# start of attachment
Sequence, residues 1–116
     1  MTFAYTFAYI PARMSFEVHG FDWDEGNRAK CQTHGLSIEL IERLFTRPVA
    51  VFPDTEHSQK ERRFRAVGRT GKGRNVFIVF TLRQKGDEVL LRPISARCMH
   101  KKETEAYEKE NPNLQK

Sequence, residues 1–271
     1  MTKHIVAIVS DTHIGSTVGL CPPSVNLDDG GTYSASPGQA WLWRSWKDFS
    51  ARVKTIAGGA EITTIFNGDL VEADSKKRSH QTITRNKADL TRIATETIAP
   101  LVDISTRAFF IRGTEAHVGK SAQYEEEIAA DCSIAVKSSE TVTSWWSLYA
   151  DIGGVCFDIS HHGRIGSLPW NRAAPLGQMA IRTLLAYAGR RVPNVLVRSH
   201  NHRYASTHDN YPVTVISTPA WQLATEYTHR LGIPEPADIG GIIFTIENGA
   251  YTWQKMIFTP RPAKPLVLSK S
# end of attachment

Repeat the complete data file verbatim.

Sequence, residues 1–116
     1  MTFAYTFAYI PARMSFEVHG FDWDEGNRAK CQTHGLSIEL IERLFTRPVA
    51  VFPDTEHSQK ERRFRAVGRT GKGRNVFIVF TLRQKGDEVL LRPISARCMH
   101  KKETEAYEKE NPNLQK

Sequence, residues 1–271
     1  MTKHIVAIVS DTHIGSTVGL CPPSVNLDDG GTYSASPGQA WLWRSWKDFS
    51  ARVKTIAGGA EITTIFNGDL VEADSKKRSH QTITRNKADL TRIATETIAP
   101  LVDISTRAFF IRGTEAHVGK SAQYEEEIAA DCSIAVKSSE TVTSWWSLYA
   151  DIGGVCFDIS HHGRIGSLPW NRAAPLGQMA IRTLLAYAGR RVPNVLVRSH
   201  NHRYASTHDN YPVTVISTPA WQLATEYTHR LGIPEPADIG GIIFTIENGA
   251  YTWQKMIFTP RPAKPLVLSK S